Spring 1965 • Vol. XXVII No. 2 Nonfiction |

In That Solitary Room

The only group of any note to be seen in Bloomsbury these days is an occasional guitar-beating band of vocalists from the north, bound for the Soho recording studios and agents' offices. It might be the Kinks or the Pretty Things or the Rolling Stones—and God alone knows what Virginia Woolf would make of them if she were to return to the streets and squares she haunted when alive. Perhaps, though, she wouldn't be too severe in her strictures. After all, there's something about them that is uniquely British, they stick close together, and they have a way of attracting animated attention to themselves. But at first she would probably be too busy investigating the district's broader physical changes to notice the strange shift of cultural emphasis that makes the scribblings of a youth calling himself a Beatle a serious topic at literary cocktail parties. Groups may come and groups may go, but what's this on the doorway at 46 Gordon Square, early home of Virginia and the other orp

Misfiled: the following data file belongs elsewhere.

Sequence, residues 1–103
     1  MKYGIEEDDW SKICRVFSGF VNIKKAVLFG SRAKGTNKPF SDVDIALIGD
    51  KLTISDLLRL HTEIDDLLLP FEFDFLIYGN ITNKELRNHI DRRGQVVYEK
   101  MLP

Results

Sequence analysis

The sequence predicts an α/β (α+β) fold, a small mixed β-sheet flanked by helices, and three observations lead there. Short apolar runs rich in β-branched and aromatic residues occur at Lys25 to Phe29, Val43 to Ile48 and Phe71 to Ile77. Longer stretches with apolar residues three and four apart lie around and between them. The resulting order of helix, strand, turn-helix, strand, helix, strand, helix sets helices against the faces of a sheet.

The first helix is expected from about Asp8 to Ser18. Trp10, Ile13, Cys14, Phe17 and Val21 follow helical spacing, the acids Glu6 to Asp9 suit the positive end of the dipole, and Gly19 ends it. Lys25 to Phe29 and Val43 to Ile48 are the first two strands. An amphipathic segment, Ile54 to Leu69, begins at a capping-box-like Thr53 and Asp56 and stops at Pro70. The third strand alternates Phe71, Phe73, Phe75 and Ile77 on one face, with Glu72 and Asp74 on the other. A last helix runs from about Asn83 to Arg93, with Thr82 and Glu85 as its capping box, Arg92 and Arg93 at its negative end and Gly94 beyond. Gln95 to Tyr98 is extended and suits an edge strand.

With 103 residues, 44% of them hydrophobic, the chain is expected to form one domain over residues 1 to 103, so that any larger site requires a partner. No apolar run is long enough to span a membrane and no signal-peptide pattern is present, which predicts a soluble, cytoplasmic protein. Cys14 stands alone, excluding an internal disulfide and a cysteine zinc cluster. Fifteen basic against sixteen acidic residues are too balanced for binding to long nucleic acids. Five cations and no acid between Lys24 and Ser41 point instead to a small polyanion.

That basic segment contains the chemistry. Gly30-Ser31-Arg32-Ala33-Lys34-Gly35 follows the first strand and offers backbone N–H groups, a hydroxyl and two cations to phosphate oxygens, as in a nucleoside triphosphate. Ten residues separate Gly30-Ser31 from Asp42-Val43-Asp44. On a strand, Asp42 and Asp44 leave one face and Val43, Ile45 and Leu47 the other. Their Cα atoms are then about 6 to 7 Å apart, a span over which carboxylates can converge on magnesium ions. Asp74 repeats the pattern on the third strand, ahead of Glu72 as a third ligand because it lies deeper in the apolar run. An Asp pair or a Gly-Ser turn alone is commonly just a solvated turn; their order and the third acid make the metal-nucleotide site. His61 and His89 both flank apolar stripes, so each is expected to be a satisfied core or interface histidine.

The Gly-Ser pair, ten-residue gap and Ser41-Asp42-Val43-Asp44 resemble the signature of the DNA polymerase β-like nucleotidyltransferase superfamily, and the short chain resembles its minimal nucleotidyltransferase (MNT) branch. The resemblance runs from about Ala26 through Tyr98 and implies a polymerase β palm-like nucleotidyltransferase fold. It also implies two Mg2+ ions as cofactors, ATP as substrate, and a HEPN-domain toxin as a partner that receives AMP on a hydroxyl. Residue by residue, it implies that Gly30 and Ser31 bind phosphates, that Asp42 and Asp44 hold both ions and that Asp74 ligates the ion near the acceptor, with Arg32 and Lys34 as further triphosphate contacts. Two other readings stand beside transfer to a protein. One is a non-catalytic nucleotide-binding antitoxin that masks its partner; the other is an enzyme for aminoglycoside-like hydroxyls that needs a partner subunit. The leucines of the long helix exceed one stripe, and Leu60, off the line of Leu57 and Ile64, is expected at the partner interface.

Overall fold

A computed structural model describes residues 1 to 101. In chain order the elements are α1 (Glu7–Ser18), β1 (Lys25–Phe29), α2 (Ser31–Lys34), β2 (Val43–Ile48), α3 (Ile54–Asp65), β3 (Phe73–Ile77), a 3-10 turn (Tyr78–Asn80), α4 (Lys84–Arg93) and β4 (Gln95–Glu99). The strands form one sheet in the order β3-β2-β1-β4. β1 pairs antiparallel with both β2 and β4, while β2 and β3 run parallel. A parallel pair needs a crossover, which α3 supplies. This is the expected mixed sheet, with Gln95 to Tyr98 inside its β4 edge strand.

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Rhythm and Blues

By Wallace Hildick

The only group of any note to be seen in Bloomsbury these days is an occasional guitar-beating band of vocalists from the north, bound for the Soho recording studios and […]

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